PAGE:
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The International Atomic Energy Agency (IAEA) has released the final report from its January 2018 mission to France to review radioactive waste management and decommissioning in the country. The review team said it had been "impressed with the nature and implementation of the French national programme".

Date: Wednesday, 20 May 2020
Original article: world-nuclear-news.org/Articles/IAEA-commends-French-nuclear-waste-programme

A consignment of Russian equipment has been delivered to the construction site of the International Thermonuclear Experimental Reactor (ITER) under construction at Cadarache in France, Russian state nuclear corporation Rosatom said on 23 April.

Date: Thursday, 30 April 2020
Original article: neimagazine.com/news/newsiter-receives-equipment-from-russia-and-italy-7892298

International air transport has been the main bottleneck in getting radioisotopes and nuclear medicines where they are needed during the COVID-19 pandemic, but Nuclear Medicine Europe (NMEu) says there are signs the situation is improving.

Date: Wednesday, 29 April 2020
Original article: world-nuclear-news.org/Articles/Air-transport-bottleneck-easing-for-medical-radioi

Agency schedules webinar and warns of possible shortages at hospitals A researcher at Indonesia’s National Nuclear Agency using a hot cell to prepare a radiopharmaceutical. Courtesy M. Gaspar/IAEA. The production of radioisotopes used to produce radiopharmaceuticals for medical procedures has continued during the Covid-19 pandemic, but hospitals could face shortages due to bottlenecks in transport and distribution, the International Atomic Energy Agency has warned.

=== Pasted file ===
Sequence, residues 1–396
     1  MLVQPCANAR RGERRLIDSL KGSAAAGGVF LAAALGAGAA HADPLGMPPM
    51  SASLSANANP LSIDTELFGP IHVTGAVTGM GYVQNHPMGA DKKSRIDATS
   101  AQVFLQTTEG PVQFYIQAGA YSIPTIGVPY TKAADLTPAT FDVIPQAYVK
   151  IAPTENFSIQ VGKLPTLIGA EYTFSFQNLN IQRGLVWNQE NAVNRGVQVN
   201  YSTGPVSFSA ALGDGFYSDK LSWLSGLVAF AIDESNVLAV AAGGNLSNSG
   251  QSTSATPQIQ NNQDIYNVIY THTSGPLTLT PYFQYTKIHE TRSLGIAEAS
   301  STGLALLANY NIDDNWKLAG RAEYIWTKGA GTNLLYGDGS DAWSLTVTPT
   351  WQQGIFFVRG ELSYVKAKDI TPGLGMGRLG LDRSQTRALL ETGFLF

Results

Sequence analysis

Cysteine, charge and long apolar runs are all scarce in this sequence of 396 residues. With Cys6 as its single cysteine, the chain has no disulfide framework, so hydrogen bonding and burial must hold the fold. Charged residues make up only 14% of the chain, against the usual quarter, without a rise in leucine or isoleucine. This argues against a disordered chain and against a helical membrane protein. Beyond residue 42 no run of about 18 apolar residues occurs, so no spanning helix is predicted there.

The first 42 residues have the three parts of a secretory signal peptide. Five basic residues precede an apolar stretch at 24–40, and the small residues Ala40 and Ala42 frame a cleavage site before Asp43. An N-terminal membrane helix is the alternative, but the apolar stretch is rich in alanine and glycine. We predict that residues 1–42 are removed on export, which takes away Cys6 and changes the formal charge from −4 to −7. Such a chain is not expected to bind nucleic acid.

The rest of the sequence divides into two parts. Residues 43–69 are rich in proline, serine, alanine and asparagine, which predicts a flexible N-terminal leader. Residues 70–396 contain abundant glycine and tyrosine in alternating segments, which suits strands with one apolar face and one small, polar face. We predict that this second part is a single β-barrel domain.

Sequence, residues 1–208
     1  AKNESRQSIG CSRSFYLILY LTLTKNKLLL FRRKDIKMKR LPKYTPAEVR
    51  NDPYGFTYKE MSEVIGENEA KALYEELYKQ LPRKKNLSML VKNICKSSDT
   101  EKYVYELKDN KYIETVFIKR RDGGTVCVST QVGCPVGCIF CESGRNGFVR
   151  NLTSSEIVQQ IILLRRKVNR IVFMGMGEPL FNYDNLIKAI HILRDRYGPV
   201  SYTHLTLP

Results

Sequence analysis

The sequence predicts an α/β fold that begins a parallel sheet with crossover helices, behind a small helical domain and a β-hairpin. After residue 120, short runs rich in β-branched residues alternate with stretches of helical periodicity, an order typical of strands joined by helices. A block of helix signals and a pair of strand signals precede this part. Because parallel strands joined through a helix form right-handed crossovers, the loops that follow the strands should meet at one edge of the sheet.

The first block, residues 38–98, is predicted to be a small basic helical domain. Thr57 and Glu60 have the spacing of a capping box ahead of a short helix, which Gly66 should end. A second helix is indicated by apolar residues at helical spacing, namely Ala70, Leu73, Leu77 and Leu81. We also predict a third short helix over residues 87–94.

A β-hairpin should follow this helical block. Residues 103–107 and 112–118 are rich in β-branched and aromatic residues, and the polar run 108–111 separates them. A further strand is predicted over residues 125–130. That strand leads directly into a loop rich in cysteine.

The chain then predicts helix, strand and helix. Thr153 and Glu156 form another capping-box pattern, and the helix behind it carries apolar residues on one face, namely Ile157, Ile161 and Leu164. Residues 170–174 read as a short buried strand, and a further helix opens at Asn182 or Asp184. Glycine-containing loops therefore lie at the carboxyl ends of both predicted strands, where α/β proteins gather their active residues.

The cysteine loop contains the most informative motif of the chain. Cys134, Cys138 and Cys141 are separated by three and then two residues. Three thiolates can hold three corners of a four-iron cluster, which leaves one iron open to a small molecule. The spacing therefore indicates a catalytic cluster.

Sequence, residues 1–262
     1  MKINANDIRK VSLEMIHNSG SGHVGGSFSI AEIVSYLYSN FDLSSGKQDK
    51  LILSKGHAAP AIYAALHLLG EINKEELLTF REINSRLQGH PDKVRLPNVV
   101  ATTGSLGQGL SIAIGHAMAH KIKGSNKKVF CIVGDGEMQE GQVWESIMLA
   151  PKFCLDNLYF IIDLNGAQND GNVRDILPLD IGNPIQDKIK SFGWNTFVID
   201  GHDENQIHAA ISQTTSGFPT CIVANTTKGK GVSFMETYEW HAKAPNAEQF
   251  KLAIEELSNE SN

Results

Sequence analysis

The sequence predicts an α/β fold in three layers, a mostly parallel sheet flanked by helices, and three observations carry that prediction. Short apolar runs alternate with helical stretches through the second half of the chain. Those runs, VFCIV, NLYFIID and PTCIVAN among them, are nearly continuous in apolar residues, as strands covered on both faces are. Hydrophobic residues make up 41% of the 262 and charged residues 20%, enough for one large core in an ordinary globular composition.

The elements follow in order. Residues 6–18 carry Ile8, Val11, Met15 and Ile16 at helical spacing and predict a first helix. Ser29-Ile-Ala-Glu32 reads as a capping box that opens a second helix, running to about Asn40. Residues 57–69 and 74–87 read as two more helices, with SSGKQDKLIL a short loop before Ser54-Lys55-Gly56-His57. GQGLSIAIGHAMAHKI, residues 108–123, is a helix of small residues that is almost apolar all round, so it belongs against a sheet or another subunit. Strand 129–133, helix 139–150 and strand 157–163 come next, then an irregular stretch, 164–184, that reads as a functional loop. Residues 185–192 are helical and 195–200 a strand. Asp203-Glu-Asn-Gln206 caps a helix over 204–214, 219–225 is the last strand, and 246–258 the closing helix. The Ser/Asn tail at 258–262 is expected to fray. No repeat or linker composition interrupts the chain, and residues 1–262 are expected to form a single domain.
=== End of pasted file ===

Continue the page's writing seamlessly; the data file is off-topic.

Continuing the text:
An agency survey conducted among operators of research reactors that produce radioisotopes for radiopharmaceuticals shows that most major actors continue to produce radioisotopes because the production facilities have been defined as essential by the relevant governments.

However, many airlines are no longer operating because of the pandemic and borders are closed, which affects the distribution of medical radioisotopes around the world.

Joao Osso Junior, head of the radioisotope products and radiation technology section at the IAEA, said the agency is working to assess the need for medical radioisotopes because most research and education activities using isotopes have been put on hold and many hospitals have delayed diagnosis applications.

Date: Wednesday, 22 April 2020
Original article: nucnet.org/news/radioisotope-industry-facing-distribution-challenges-says-iaea-4-2-2020

The production of medical radioisotopes has continued during the COVID-19 pandemic but bottlenecks in transport and distribution could lead to shortages at hospitals, according to an International Atomic Energy Agency (IAEA) survey of the research reactors where the isotopes are produced.

Date: Wednesday, 22 April 2020
Original article: world-nuclear-news.org/Articles/Medical-isotope-supply-chain-faces-challenges-from

The Ignalina nuclear power station in Lithuania. Photo courtesy EBRD. The Ignalina nuclear power station in Lithuania has announced a €73m tender to choose a contractor for the construction of a repository for solid radioactive waste.